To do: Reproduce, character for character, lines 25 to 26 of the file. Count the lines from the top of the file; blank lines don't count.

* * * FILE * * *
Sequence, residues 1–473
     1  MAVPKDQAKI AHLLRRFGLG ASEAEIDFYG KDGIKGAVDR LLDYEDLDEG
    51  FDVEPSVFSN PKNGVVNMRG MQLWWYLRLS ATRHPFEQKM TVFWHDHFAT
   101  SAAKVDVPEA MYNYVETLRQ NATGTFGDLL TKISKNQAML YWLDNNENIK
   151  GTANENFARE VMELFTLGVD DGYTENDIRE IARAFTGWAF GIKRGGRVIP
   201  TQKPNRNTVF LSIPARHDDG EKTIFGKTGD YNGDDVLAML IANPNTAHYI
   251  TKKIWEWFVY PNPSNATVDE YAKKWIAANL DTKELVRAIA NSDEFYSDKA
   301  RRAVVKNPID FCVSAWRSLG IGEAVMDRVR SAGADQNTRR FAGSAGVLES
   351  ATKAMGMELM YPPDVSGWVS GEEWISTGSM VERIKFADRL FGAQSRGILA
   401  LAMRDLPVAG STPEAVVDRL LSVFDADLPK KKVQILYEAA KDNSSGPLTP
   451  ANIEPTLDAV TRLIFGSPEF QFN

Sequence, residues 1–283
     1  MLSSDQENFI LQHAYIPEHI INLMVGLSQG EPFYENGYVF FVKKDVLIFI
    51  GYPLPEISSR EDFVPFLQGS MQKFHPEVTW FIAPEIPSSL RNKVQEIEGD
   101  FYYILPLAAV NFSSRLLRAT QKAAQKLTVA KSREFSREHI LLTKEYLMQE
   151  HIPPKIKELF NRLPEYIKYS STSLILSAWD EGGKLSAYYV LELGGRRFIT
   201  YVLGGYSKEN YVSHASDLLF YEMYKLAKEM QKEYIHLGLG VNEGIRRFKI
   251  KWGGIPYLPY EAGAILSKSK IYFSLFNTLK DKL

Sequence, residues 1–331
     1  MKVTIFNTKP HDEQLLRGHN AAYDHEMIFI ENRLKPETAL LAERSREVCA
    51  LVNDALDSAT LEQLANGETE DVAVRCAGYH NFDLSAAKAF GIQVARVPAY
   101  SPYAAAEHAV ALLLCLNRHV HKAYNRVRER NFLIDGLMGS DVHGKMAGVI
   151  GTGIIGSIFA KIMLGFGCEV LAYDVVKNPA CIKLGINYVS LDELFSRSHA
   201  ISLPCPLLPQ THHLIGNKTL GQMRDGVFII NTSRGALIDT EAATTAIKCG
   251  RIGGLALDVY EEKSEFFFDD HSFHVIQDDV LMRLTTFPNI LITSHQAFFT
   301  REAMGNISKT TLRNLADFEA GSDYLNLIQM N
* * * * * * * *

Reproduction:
   251  RIGGLALDVY EEKSEFFFDD HSFHVIQDDV LMRLTTFPNI LITSHQAFFT
   301  REAMGNISKT TLRNLADFEA GSDYLNLIQM N